Why did this seize?

Discussion in 'Lye-Based Soap Forum' started by PieBorg, Mar 21, 2020.

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  1. Mar 21, 2020 #1

    PieBorg

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    I thought I was being careful about using stable ingredients (other than castor oil, which I know can accelerate, but it's still worth using), but I had my first ever seize today. I threw it into a pot and HP'd it, FWIW, but it doesn't look like it'll be usable. Can anyone tell me which of my ingredients or methods may have been the culprit so I can avoid this in the future?

    40% Canola
    20% each Castor, Coconut, and Palm oils
    1 ounce Tea Tree oil (<5%)
    20 grams GM powder mixed into oils
    Himalayan pink salt dissolved in 33% lye / AVJ
    No fragrance or coloring because there was no time to add any before the seize.

    I didn't have a way to take temperatures, but the lye was probably around 70 F, and the oils were maybe around 90 F. I gave it 3 very brief buzzes with the SB before it seized big time.

    Where did this go wrong?
     
  2. Mar 21, 2020 #2

    Kcryss

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    Did you add the tea tree to your oils?
     
  3. Mar 21, 2020 #3

    PieBorg

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    Yep, all oils together before the lye.
     
  4. Mar 21, 2020 #4

    Kcryss

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    I don't do cold process, but my guess would be the addition of the tea tree oil to your oils. EO's are usually added after trace.
     
  5. Mar 21, 2020 #5

    PieBorg

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    I haven't done CP until today either, and so far, it hasn't been the pure soapy enjoyment I expected. I'll try not to let this disaster stop me from trying again, though. If there's nothing else that looks suspect, I can try this recipe again and add the tea tree after trace. Thanks for the suggestion!
     
  6. Mar 21, 2020 #6

    shunt2011

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    I always add my EO or FO to the oils unless I know they move super fast. I make a lot of tea tree soap and have never had it seize. Your recipe is likely going to be prone to DOS and may be sticky. Canola unless HO is not very stable and using that much Castor is going to be sticky and may have increased the seize. Palm does move faster in soap. You say you added tea tree in one sentence then in the other you say no fragrance or color. How much salt did you add?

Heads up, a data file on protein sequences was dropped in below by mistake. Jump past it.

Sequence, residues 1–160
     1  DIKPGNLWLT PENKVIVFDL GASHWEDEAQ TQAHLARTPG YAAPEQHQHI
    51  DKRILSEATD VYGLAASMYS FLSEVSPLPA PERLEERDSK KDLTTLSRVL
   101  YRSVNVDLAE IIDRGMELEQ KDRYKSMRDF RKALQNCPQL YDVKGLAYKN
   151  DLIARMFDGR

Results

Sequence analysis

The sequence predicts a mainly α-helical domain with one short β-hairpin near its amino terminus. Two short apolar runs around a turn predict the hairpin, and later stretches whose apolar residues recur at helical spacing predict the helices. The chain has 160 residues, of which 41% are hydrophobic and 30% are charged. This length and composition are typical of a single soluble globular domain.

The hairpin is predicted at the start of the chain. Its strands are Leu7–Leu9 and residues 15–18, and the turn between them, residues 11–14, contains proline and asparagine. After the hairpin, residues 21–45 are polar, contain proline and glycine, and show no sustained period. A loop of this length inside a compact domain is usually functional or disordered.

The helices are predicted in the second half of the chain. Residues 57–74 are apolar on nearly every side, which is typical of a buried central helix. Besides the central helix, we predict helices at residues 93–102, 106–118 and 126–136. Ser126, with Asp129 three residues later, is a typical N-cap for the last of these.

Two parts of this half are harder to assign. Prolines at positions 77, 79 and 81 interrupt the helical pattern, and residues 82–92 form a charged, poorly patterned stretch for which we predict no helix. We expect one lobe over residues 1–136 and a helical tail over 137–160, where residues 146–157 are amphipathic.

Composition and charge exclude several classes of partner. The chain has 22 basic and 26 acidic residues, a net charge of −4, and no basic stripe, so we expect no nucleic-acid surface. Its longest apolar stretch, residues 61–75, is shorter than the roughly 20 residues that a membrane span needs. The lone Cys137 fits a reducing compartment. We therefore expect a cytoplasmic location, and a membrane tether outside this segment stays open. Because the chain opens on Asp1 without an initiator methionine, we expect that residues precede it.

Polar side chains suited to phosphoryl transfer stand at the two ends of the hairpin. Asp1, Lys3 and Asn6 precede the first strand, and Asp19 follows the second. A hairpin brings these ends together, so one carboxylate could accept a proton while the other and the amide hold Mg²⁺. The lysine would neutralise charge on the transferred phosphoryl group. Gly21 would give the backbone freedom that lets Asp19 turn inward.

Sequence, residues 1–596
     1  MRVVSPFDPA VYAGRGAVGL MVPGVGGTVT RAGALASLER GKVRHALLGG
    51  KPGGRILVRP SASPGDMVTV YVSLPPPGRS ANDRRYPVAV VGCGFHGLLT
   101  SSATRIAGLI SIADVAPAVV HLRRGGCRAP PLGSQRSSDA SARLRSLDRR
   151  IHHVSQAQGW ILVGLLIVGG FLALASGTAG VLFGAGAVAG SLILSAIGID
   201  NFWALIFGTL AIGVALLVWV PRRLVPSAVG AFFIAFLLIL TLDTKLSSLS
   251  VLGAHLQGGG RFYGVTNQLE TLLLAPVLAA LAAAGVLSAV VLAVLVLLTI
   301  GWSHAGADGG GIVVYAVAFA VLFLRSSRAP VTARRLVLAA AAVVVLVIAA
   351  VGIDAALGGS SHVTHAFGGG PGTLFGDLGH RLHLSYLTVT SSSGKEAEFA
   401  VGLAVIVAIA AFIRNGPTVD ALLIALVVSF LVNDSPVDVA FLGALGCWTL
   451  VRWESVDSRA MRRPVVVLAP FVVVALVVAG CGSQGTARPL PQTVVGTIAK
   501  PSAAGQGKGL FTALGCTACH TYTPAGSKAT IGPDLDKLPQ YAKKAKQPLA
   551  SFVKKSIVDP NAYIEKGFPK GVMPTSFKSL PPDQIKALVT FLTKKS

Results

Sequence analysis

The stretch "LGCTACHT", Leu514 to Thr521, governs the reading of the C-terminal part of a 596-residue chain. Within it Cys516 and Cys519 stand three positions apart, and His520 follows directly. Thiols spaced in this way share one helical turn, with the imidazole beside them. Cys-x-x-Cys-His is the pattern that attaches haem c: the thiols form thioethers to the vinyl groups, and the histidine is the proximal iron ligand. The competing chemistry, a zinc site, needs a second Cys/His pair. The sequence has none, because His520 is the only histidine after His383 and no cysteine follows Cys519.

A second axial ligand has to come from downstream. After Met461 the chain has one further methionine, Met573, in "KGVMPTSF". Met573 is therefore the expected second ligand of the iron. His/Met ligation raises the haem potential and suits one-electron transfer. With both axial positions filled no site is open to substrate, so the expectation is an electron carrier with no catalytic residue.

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  7. Mar 21, 2020 #7

    cmzaha

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    I am guessing it was a combination of your palm and castor and a very cool lye solution that cooled off your batter and thickened your palm. You probably did not have a seize but false trace that would have thinned back out some if you have just stirred it a bit until the batter started to heat up. The only big culprit I see is the 20% Castor that will accelerate and palm to cool will false trace. I find castor between 2-5% can make a considerable difference in acceleration in my batter which contains up to 40% palm oil, so 20% is a biggie. By putting the soap batter in a crockpot and heating it up it should be fine.
     
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  8. Mar 21, 2020 #8

    PieBorg

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    @shunt2011 Even though it does have a strong scent, I think of tea tree's other properties before I think of it as a fragrance. Maybe I'm wrong to do that. I don't know.

    I added the salt at 15% of the weight of the AVJ.

    @cmzaha Thank you for that information! I'll rework the percentages and see if that helps. I really didn't want to use the palm at all, but it was the only solid oil I had other than coconut. Maybe it would be better to go with OO instead of the palm and canola?

    The soap heated up in a big hurry and even had steam coming off it. I added just a tiny bit of AVJ, broke the soap up into chunks, and let it sit for a few minutes. That did seem to help, but nothing I tried could get rid of all the lumps. Even with putting it in the pot and heating and stirring, it still had small chunks.

    I went ahead and molded it. It'll be okay for hand washing, I suppose.
     
  9. Mar 21, 2020 #9

    shunt2011

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    It’s a fragrance. It’s not likely any of the benefits survive the lye.
     
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  10. Mar 21, 2020 #10

    PieBorg

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    @shunt2011 Well dang! I guess that's what happens when you decide to switch to CP after making HP for decades. Tea tree can be added at the end of the cook to preserve its properties, or at least I *think* it works that way.

    Update: Changed the recipe -- 70% Olive, 20% Coconut, 10% Castor, same 33% AVJ with 15% Himalayan pink salt and 20g GM powder mixed into the oils. Seized again as soon as I began stirring the brine into the oils, just as it did before. I added a tiny splash more AVJ to loosen it up a little, then threw in the tea tree and some AC, and glopped it into a mold. It wasn't quite as chunky as before, but that's not saying much.